Friday , October 30 2020

Apple reportedly patches Catalina bug that showed unencrypted snippets of encrypted emails

Apple released macOS Catalina 10.15.3 last week, and the update apparently patched a bug that could let you read some text from encrypted emails as if they were unencrypted, according to IT specialist Bob Gendler. A longtime Mac fan, Gendler originally found the bug in July and privately disclosed it to Apple months before publicly writing about it last November, only after the company failed to fix the issue.

Apple told The Verge at the time of Gendler’s original post that it would be fixing the issue in a future software update. It seems as if the company has done just that, Gendler writes in a new post, but we’ve asked Apple to confirm that the latest version of Catalina does indeed squash the bug.

The bug likely only affected a small number of people, as the unencrypted email snippets were found in one hard-to-find macOS database file used for Siri Suggestions, and you could only see those email snippets under very specific circumstances. Those were, from our November article about the bug:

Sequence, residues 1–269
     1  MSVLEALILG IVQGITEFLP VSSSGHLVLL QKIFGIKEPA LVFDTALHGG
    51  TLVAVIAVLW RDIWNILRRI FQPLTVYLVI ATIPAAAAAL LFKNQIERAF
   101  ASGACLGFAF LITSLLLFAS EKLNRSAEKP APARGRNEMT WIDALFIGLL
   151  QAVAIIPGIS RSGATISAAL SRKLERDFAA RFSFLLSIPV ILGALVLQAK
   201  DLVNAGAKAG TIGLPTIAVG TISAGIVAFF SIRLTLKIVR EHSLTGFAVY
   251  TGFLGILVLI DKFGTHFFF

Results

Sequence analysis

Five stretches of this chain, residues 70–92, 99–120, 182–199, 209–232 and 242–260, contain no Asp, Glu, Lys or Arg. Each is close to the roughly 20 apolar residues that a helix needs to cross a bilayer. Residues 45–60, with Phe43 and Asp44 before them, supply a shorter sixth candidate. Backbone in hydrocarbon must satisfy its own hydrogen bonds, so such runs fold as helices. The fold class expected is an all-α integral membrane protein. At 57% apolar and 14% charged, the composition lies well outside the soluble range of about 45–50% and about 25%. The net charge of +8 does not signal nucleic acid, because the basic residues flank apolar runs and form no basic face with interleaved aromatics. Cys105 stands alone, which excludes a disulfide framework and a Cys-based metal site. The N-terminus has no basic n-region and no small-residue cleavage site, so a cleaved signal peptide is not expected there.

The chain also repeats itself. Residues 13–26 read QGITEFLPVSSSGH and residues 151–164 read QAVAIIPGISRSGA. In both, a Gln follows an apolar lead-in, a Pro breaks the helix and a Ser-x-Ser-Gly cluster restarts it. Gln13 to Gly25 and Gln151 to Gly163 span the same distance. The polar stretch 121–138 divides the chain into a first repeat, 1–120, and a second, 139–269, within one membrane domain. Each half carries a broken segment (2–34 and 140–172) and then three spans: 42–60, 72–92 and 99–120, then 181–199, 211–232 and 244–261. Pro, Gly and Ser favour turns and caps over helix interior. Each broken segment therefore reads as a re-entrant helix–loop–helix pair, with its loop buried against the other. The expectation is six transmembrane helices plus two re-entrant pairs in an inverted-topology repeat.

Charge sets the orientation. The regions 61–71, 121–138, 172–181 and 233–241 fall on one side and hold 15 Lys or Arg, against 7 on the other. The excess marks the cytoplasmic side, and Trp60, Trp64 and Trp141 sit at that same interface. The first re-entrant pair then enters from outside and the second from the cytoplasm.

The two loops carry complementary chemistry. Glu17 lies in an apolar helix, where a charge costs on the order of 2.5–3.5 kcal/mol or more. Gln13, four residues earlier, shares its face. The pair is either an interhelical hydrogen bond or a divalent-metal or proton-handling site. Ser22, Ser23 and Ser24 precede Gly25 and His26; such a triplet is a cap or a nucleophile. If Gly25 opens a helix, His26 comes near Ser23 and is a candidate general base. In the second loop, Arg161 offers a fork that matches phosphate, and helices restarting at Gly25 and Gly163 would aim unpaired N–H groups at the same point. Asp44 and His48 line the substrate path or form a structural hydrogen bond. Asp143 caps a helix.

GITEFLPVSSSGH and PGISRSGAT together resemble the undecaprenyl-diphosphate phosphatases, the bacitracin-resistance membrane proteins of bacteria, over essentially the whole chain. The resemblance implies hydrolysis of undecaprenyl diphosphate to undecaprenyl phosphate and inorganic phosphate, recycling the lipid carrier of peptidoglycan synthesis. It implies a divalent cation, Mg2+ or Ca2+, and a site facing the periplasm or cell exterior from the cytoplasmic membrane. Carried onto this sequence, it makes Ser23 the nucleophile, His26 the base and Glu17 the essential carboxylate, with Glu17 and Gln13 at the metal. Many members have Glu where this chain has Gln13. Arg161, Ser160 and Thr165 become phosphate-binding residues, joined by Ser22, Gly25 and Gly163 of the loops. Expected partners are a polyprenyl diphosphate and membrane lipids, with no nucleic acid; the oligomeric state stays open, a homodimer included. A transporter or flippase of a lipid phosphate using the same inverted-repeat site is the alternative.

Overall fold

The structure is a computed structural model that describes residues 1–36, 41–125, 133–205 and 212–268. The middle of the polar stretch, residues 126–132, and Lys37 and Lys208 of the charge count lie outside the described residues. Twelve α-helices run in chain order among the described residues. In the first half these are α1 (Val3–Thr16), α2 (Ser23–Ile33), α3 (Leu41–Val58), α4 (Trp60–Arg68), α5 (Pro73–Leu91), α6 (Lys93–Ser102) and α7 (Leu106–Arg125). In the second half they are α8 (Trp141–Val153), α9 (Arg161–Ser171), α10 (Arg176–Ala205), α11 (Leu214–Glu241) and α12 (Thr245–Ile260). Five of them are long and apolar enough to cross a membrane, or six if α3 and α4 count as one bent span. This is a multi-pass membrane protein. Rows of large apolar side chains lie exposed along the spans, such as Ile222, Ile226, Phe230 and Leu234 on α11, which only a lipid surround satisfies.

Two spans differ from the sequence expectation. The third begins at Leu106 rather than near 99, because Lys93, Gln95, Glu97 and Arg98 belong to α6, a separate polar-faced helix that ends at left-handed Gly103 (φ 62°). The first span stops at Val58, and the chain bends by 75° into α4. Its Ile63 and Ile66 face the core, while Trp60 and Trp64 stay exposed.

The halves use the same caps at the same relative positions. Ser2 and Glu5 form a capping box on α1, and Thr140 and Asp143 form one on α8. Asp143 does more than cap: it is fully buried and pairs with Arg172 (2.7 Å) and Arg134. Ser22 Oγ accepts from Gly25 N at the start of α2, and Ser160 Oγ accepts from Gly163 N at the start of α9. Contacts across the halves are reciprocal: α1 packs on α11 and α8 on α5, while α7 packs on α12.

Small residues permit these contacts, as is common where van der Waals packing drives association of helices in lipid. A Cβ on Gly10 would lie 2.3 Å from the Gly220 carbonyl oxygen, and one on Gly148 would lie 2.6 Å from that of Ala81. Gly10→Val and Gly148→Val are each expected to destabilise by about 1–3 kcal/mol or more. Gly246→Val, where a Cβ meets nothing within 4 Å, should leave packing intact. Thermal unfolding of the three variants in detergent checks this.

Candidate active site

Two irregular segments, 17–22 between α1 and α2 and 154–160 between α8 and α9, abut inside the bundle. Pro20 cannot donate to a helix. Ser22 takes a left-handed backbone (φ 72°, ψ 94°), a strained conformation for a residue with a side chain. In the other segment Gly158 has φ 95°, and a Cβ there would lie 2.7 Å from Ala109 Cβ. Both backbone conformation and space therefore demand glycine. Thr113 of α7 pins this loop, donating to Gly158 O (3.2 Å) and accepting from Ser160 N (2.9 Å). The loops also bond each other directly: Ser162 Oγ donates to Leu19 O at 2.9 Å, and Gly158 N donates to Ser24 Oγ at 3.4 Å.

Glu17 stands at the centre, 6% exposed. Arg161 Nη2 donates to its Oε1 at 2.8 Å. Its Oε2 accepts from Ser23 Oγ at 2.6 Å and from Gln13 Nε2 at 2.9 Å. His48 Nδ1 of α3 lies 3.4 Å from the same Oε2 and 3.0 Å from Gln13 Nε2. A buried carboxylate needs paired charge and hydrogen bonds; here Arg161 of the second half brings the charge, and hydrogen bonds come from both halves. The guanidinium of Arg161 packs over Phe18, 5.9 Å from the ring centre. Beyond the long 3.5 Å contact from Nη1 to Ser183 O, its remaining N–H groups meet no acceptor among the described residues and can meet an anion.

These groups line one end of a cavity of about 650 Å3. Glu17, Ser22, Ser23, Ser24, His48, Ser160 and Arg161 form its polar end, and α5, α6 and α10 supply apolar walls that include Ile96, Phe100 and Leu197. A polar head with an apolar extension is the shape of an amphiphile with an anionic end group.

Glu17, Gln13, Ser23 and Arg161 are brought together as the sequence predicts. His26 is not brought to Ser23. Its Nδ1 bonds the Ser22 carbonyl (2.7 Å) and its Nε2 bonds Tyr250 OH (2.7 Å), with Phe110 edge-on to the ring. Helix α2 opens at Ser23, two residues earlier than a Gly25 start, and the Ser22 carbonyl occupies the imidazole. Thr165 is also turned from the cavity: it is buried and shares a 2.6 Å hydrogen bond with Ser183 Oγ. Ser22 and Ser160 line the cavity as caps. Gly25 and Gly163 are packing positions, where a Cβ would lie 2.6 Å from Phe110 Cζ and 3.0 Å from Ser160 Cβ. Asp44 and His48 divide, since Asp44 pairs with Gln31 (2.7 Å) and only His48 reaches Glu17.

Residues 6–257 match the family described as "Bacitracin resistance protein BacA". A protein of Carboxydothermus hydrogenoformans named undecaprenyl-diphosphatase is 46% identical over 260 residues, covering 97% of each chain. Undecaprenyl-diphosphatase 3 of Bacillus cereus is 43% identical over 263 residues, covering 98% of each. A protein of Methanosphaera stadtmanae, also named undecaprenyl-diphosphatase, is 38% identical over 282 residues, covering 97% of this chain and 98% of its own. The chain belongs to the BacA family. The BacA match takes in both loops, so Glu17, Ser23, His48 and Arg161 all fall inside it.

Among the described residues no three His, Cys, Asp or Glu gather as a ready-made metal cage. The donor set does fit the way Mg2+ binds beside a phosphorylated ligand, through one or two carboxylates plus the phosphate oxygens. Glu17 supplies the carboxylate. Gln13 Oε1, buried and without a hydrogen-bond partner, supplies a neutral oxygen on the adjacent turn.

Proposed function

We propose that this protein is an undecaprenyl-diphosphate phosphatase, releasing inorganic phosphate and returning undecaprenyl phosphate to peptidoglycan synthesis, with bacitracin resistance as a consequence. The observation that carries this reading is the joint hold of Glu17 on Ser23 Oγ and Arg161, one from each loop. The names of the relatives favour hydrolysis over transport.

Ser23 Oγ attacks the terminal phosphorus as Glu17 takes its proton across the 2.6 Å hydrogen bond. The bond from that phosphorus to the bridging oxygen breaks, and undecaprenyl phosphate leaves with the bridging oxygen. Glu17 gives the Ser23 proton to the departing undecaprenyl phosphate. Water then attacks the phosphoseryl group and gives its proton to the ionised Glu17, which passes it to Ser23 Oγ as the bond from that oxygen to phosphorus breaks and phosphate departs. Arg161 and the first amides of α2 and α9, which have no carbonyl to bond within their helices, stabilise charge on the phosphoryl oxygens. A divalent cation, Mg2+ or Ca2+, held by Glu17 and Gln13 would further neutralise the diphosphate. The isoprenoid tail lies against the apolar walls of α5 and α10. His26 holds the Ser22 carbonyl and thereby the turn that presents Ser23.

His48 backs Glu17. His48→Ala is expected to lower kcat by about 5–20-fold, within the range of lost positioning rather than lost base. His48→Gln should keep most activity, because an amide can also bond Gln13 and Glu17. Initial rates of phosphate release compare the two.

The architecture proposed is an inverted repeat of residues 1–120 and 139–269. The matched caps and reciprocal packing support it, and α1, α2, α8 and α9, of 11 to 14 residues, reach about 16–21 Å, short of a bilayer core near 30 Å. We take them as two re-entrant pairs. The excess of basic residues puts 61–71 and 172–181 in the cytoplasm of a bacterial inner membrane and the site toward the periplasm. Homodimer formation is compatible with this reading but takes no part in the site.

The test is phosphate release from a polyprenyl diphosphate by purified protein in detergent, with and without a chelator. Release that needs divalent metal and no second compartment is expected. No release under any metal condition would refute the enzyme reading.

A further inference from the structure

You need to be using macOS, Apple Mail, be sending encrypted emails from Apple Mail, not be using FileVault to encrypt your entire system already, and know exactly where in Apple’s system files to be looking for this information. If you were a hacker, you’d need access to those system files, too.

The fix isn’t mentioned in the public macOS 10.15.3 release notes, but release notes for betas of Catalina 10.15.3 say that encrypted emails now won’t appear in Spotlight searches at all, according to Gendler. That could mean that Apple has changed how it indexes encrypted emails from Apple Mail to prevent bugs like what Gendler found.

In his own testing, Gendler saw the database file that used to take in encrypted emails would no longer do so. Gendler also said in his latest post that AppleCare Enterprise Support contacted him directly about the fix.

Even if this bug doesn’t apply to you, though, you should still update your Mac so that it has the latest bug fixes from Apple.

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This Article was first published on theverge.com

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